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Santa Monica's Mt. Olive Lutheran Church Celebrates 70th Birthday

 

By Melonie Magruder
Lookout Staff

July 24, 2012 -- Mount Olive Lutheran Church celebrates its 70th year of worship in Santa Monica this month with much that is changing.

A new Master Plan is being developed to accommodate the expanding needs of the church on 14th Street and Ocean Park Boulevard. Pastor Stephanie Jaeger is ending her seven-year tenure, five of them as pastor, and the congregation is set to welcome her interim replacement, Steve Fiechter.

“We feel that Mt. Olive is a place of healing, transformation and joy for all people and faiths of our community,” Jaeger said of the expansion. “Communities need spaces for public gathering.

Mt. Olive Sanctuary (photo by Tiffany Petersen, Give Hugs Productions)

"There are no public squares around us, and we’re working with an idea to create a public meeting space, whether secular or spiritual,” Jaeger said.

The inclusive attitude is a bedrock principle of the Evangelical Lutheran Church. Jaeger said that Lutherans welcome anyone in the community for religious formation if they desire, but also as an obligation for stewardship of a peaceful and harmonious community.

Accordingly, their parish doors open as early as 7:30 a.m. and the church remain active till 10:30 at night. Preschool classes (first established 40 years ago), yoga, Alcoholics Anonymous, after-school programs, film screenings and music concerts keep the facility humming seven days a week. And music, Jaeger said, has always been an integral part of Lutheran services.

“Martin Luther introduced congregational singing as part of the 16th century Reformation to make worship more participatory with the congregation,” she said. “Bach was the cantor at the Lutheran Church in Leipzig in the 18th century.”

The Church has been known for progressive practices ever since Martin Luther nailed his “Ninety-Five Theses” on the door of the Castle Church in Wittenberg in 1517, challenging the Catholic view that grace was only attained through the Vatican. Pope Leo X promptly excommunicated Luther and the birth of Protestantism began.

Fast forward 500 years and the Evangelical Lutheran Church ordains women pastors, accepts gay clergy and finds spiritual inspiration in the music of Thelonious Monk as much as Beethoven.

In fact, Jaeger said the Church consciously creates an alternative economy for arts and music so that the community can participate without the financial strains of a Disney Hall.

Construction of current sanctuary circa 1961. Photos courtesy of Mt.Olive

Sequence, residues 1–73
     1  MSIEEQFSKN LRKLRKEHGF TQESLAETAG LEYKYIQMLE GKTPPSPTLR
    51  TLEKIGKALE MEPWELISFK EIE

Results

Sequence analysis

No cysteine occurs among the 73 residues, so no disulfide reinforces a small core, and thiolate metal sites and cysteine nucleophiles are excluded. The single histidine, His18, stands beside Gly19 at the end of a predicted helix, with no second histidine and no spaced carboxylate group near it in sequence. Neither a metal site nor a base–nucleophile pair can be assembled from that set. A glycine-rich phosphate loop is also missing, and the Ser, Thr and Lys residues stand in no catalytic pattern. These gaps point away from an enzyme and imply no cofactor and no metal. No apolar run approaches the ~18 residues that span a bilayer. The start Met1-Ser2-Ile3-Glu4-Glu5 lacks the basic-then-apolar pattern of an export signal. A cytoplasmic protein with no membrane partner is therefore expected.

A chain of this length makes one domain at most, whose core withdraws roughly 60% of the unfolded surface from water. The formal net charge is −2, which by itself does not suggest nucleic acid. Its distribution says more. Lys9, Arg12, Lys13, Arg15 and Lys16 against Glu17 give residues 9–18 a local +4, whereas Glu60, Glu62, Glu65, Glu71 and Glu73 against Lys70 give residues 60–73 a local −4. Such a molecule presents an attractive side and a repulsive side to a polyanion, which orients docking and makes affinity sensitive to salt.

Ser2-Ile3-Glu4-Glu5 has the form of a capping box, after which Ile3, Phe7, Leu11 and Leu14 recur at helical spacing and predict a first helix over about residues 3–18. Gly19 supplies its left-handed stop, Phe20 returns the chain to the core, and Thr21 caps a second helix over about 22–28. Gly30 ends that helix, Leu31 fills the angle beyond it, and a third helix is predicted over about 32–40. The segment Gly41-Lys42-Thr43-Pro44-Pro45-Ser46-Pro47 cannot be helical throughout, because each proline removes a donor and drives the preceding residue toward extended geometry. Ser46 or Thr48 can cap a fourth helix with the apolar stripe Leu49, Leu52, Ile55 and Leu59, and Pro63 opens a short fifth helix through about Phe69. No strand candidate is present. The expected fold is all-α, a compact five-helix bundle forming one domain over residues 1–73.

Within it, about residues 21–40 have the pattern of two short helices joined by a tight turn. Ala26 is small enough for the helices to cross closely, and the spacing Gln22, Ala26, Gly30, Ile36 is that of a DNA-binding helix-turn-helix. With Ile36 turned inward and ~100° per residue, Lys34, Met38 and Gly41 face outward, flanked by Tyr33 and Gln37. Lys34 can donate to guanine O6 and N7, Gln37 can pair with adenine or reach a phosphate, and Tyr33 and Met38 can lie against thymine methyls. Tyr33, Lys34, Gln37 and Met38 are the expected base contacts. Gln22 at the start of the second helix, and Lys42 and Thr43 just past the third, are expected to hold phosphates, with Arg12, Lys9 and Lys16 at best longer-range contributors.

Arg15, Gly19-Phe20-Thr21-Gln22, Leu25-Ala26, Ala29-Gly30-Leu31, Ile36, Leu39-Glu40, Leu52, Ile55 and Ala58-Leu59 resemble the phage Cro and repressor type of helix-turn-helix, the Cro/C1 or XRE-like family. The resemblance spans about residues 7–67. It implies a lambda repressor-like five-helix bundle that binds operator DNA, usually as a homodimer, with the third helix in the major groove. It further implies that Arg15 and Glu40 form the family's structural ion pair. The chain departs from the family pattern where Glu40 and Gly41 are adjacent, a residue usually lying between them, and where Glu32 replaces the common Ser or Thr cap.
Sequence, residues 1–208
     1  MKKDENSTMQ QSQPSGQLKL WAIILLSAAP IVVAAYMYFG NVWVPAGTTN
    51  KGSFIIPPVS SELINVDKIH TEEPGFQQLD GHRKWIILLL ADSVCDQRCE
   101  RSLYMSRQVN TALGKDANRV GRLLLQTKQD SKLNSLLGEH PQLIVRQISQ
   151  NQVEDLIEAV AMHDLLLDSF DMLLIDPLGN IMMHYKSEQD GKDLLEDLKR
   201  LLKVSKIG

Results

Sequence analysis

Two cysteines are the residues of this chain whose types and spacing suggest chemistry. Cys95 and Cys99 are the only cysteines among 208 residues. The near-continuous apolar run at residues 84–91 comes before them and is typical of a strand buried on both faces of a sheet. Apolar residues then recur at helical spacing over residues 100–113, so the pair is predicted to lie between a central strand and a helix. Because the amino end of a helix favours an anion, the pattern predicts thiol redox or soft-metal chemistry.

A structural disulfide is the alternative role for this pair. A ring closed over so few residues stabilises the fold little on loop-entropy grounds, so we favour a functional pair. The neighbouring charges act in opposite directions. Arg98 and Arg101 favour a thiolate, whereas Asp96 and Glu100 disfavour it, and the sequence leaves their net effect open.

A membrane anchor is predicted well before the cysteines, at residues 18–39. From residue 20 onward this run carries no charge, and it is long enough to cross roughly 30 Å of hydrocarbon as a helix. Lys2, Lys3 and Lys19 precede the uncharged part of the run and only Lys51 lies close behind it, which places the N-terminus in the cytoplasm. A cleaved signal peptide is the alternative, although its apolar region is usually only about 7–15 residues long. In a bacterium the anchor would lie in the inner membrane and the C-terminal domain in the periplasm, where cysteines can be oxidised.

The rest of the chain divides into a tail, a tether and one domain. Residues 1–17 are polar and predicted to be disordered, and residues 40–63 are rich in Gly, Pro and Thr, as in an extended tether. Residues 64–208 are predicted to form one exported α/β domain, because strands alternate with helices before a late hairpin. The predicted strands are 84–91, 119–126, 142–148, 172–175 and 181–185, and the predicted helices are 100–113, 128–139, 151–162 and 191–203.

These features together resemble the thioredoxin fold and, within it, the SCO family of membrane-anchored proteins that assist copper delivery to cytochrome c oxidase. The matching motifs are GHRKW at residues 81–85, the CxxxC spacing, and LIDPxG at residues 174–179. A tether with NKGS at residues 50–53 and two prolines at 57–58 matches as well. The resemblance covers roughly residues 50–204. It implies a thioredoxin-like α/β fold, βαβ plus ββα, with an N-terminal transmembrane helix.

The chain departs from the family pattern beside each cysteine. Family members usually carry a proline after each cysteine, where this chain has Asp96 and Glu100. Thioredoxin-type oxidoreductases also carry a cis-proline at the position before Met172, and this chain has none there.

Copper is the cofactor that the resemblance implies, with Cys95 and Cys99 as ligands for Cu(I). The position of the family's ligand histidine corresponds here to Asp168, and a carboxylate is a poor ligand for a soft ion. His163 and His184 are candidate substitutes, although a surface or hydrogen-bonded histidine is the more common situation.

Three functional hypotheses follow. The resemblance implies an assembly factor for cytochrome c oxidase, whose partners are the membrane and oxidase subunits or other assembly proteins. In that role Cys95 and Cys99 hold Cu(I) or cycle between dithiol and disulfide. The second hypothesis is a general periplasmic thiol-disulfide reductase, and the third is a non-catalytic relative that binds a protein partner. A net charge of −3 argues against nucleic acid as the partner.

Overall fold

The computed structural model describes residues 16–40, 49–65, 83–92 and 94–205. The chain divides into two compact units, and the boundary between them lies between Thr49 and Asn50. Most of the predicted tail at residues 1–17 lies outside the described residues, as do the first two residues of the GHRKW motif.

“We see the arts as a divine gift and a spiritual vehicle,” Jaeger said. “We don’t charge for our concerts.”

But perhaps the denomination's most progressive attribute is a democratic approach to church leadership and governance. Parish meetings are held according to Robert’s Rules of Order and all aspects of governance – even finding a new pastor – are open to membership voting.

The building Mt. Olive met in on Ocean Park and 16th from 1942 to 1950.

Mt. Olive Lutheran Church was first established in 1941, with a service held for 12 congregants in a storefront next to a noisy bar on Lincoln Boulevard. By 1949, it broke ground for a sanctuary on two lots purchased at its current site.

The church attracted a number of young, educated Lutherans who had moved west to find jobs with the exploding aerospace industry, and the congregation continued to grow.

Jaeger’s tenure at Mt. Olive seems almost “interim” itself with a mere five years at its helm. But she said that, simply, she has fulfilled her calling there and it is time to move on.

“My commitment was to re-root the church in the community,” Jaeger said. “My calling was to help develop outreach to neighbors and strengthen Mt. Olive’s voice in the neighborhood as a part of faith and build relationships with service providers. We’ve really expanded our outreach.”

Jaeger is moving on to work with a “young congregation” in Chicago's South Side, where she is looking to help build a new community of inclusion and support.

She is leaving the congregation in the “wonderful, capable hands” of Pastor Steve Fiechter, who arrives having worked at churches in Canoga Park and Orange County.

Fiechter attended the Lutheran Theological Seminary at Gettysburg (“Where the first battle of Gettysburg was fought,” he pointed out), but took some time off to get a master’s degree in social work at California State University Dominguez Hills.

“I thought it would augment my ministry as well as be an invaluable philosophical tool,” Fiechter said. “Outreach to the mentally ill and chronically homeless community can be a challenge.

"Often those ears are very open to a theological message or they are bitterly closed," he said. "I want to make sure that our facilities are available to the whole, diverse community.”

Fiechter plans to work with other organizations in Santa Monica, such as Step Up on 2nd, a facility that supports those affected by mental illness.

But as “interim pastor,” he said that his job is to help the congregation determine the type of leadership it wants going forward and lead in the effort to redefine the Church’s mission in a changing local demographic.

“I’ll have to work on my Spanish,” he said laughing. “But it’s part of our belief that we are truly a church for the whole community.”

More information about Mt. Olive Lutheran Church may be found at http://www.mtolivelutheranchurch.org/.

 

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